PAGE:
Who is winning the streaming wars? How Netflix tallies against its rivals

Despite fewer new subscribers this year, the company continues to dominate the market

Jeremy Strong and Sasha Baron Cohen, in the foreground, in a scene from Netflix's 'The Trial of the Chicago 7'. AP
Jeremy Strong and Sasha Baron Cohen, in the foreground, in a scene from Netflix's 'The Trial of the Chicago 7'. AP

With the news last week that Netflix missed its new subscribers target by a third in the first quarter of this year gaining four million new users rather than an estimated six million you could be forgiven for thinking the game was up for the streaming platform.

Headlines screamed of “plunging” share prices and “dramatic slowdowns", and it appeared that the pandemic boom experienced by Netflix and its competitors was well and truly over.

But, first of all, Netflix's quarterly report reveals that it has not lost any subscribers. It added four million, taking its global total to about 208 million. That is not as much as the 16 million Netflix reported in the first quarter of 2020, but last year was an exceptional one, with global lockdowns driving new viewers to streaming services in a way never seen before. Over the whole of 2020, Netflix added an impressive 36 million new subscribers.

Even the most optimistic company executive wouldn't be expecting to repeat that feat this year – Netflix is anticipating only a modest one million new subscribers in the second quarter, with its latest forecast seemingly less influenced by the optimism of 2020.

In terms of its financial goals, Netflix says its revenue grew 24 per cent year-on-year in the same quarter, in line with expectations, despite the drop in subscriber growth.

Artistically, the company received an impressive 36 Oscar nominations this year and picked up seven Academy awards, more than any other streaming platform, distributor or studio. With 16 individual films nominated, it also leads the pack here, edging out Disney, which had 15 films in the running.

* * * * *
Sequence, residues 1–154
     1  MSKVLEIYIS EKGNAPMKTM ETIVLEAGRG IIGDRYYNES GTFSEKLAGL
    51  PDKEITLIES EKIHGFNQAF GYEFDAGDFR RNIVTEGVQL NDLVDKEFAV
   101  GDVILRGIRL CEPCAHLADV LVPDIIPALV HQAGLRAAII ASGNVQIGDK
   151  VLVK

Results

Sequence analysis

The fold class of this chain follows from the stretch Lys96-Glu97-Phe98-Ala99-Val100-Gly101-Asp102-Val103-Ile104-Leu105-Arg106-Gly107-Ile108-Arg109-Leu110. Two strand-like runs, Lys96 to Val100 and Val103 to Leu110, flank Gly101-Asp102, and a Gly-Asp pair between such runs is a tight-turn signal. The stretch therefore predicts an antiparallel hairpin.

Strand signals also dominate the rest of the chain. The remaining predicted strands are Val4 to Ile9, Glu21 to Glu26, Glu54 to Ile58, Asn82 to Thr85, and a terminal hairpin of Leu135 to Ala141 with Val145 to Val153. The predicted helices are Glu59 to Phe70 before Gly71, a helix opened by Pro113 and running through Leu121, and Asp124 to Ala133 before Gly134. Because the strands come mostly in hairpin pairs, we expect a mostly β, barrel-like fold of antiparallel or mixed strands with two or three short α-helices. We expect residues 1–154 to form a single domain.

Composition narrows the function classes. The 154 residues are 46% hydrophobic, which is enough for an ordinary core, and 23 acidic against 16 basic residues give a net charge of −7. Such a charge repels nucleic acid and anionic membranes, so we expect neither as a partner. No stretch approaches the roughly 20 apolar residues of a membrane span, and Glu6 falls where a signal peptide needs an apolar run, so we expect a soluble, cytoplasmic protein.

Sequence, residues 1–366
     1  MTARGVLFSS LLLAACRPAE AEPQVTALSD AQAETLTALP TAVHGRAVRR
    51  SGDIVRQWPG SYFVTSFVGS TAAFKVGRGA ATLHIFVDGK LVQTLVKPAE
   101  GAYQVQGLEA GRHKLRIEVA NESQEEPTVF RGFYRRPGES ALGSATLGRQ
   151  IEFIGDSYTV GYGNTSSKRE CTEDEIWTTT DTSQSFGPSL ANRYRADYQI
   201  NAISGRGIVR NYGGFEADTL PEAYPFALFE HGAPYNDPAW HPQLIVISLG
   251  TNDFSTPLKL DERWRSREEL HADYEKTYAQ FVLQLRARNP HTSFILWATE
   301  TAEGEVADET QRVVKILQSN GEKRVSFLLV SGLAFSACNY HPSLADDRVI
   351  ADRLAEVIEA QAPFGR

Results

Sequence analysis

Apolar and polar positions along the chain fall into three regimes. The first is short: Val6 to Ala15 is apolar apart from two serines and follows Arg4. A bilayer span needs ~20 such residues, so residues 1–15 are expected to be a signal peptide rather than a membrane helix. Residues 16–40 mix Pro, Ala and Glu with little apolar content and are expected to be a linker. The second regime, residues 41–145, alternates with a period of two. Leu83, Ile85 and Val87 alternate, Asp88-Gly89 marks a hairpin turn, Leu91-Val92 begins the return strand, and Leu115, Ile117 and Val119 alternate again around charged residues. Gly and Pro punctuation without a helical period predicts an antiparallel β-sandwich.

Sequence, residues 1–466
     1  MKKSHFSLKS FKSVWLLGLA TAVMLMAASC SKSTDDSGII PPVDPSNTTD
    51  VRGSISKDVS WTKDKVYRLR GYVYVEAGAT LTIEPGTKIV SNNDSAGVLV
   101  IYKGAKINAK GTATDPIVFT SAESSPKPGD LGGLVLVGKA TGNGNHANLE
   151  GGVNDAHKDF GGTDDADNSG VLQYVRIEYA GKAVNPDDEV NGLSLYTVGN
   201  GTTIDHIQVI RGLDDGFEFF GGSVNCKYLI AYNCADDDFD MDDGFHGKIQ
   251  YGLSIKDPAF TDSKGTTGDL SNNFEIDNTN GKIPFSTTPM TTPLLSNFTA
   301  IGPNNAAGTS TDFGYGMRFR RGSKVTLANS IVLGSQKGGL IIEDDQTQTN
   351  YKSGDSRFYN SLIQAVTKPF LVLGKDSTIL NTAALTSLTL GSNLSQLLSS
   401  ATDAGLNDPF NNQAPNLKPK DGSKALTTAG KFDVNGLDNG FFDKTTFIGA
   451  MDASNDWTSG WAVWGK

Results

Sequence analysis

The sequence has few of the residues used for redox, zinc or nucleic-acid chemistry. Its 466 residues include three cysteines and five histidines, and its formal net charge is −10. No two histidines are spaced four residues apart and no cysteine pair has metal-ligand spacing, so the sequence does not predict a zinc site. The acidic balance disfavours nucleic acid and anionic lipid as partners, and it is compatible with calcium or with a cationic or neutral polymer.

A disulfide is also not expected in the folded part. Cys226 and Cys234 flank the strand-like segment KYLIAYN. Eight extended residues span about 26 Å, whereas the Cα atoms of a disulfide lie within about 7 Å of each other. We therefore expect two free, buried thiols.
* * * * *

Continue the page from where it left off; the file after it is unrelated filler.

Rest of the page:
Objectively, then, Netflix chief Reed Hastings should not be shedding too many tears over the company's results. The end of the pandemic boom can certainly be blamed for some of the slowdown, but what other factors could be affecting the streaming platform's fortunes?

Increased domestic and global competition

Traditionally, Netflix has battled it out with Amazon Prime Video for top slot in the streaming wars.

Like Netflix, Amazon currently boasts more than 200 million subscribers, although since its video service comes wrapped in with its home shopping service, which has also experienced a huge leap in popularity during the pandemic, a like-for-like comparison isn’t entirely applicable. With subscriber numbers in the double figures of millions, rivals such as HBO Max and Hulu trail significantly.

More recently, new players such as Disney+, a heavily revamped AppleTV+ and NBC Peacock have entered the market domestically and internationally, all competing for the same eyeballs as Netflix. Most significant of these is perhaps Disney+, which last month announced it acquired more than 100 million subscribers in barely a year.

FILE PHOTO: A smartphone with displayed "Disney" logo is seen on the keyboard in front of displayed "Streaming service" words in this illustration taken March 24, 2020. REUTERS/Dado Ruvic/File Photo
Disney+ first launched in November 2019. Reuters

However, subscribers alone don’t answer all our questions about which service is most successful. Amazon, for example, releases no data about how many of its 200 million subscribers are there only for the shopping.

Since all the companies are similarly coy about revealing much in the way of data breakdowns, we can perhaps look to data company Nielsen’s viewing figures to see how the rivals are faring, although they only cover US viewers.